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Forget your childhood home. Street View has voyaged to the heart of a volcanic crater the size of two football fields on a remote South Pacific island. Google partnered with a couple of hopefully well-compensated explorers who rappelled down the walls of Vanuatu’s Marum crater, capturing 360-degree images from the rim of the Ambrym volcano’s spectacular lava lake. It’s not the first time a tech company’s ventured into an active volcano: Last year GE sent explorers into a Nicaraguan volcano to install sensors that may predict its next eruption.
It’s change they don’t believe in. A new study suggests that an important factor for whether someone believes in global warming may be the weather outside their front door. Researchers found that people from areas that experienced more record cold temperatures since 2005 were less likely to believe than those who saw record highs. Nonetheless, politics remains the overwhelming factor, with just 47 percent of conservative Republicans accepting climate change. Some scientists now suggest that communicating climate data in terms of risky gambling odds might make doubters feel the heat.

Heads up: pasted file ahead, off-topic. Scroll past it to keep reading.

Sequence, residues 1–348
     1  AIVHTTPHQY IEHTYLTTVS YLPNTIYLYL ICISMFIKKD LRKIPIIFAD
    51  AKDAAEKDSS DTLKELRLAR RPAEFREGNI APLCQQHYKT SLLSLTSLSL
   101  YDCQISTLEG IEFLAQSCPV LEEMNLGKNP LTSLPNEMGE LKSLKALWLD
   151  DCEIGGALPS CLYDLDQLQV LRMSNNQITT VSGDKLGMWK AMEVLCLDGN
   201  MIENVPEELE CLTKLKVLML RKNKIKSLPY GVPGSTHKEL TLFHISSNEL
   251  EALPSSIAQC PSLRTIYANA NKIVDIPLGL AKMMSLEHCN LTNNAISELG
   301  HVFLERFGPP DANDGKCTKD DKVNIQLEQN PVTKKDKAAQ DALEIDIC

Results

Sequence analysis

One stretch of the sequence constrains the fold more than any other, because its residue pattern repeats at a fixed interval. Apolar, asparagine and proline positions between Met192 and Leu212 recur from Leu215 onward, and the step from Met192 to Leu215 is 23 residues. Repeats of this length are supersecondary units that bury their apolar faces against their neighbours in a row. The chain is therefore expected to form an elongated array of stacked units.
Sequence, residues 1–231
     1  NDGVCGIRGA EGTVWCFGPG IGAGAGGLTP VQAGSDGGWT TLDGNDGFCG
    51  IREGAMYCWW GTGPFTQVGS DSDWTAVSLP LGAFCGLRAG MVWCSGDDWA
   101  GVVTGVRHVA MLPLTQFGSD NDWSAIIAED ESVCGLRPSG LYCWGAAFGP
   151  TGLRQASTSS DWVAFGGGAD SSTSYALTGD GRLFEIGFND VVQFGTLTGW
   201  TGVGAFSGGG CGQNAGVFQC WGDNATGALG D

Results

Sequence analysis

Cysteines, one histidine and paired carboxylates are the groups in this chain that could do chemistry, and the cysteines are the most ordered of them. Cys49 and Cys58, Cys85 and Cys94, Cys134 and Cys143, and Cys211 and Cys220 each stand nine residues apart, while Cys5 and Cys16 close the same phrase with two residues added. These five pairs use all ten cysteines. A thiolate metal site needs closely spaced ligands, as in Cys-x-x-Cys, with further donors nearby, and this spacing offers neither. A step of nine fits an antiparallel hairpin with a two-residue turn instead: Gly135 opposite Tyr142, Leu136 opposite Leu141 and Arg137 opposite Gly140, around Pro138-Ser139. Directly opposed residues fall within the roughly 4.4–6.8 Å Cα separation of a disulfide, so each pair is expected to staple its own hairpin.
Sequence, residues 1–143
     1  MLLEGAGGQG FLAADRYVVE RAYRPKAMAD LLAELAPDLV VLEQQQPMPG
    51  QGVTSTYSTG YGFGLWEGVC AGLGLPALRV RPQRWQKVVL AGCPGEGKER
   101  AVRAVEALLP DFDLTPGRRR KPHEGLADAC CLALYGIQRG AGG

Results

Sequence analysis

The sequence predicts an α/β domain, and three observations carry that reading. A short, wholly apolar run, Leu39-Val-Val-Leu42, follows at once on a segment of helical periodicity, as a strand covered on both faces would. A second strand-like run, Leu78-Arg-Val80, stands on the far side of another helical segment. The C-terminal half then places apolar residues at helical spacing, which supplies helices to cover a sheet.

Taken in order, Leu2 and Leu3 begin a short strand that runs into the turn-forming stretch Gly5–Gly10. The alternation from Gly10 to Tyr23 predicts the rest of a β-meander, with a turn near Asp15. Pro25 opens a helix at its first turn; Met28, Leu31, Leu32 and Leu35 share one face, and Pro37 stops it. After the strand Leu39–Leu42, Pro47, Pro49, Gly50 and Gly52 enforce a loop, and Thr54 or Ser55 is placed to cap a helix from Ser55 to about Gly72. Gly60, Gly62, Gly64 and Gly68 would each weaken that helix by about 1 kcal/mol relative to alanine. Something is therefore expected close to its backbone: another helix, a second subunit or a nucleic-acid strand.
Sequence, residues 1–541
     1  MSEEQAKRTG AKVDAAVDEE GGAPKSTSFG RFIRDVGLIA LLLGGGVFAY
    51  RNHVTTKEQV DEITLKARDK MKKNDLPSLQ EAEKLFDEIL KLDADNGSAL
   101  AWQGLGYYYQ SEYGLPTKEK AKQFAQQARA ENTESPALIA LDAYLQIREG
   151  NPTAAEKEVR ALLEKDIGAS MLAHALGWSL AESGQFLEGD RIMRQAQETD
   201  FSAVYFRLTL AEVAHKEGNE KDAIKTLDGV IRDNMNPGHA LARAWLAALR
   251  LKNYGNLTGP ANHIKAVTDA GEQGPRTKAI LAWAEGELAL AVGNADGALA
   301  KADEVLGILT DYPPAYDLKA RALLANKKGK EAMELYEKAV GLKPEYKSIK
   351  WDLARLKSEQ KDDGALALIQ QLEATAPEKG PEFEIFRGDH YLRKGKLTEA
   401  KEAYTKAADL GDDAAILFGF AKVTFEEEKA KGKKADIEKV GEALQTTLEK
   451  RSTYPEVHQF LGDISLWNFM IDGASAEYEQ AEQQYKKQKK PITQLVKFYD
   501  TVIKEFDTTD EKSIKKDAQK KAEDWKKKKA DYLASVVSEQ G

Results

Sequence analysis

Workers sued over the touchy issue of overtime. But when the case came down to the Oxford comma, grammarians girded for battle. Oakhurst Dairy of Portland, Maine, may have to pay $10 million to three truck drivers who sued for unpaid extra hours. Maine law lists overtime exemptions in a sentence ending with “marketing, storing, packing for shipment or distribution.” The court ruled for the drivers, who distribute but do not pack, because “packing” was not followed by the controversial serial comma, making the meaning ambiguous. Lawmakers may want to mind their punctuation.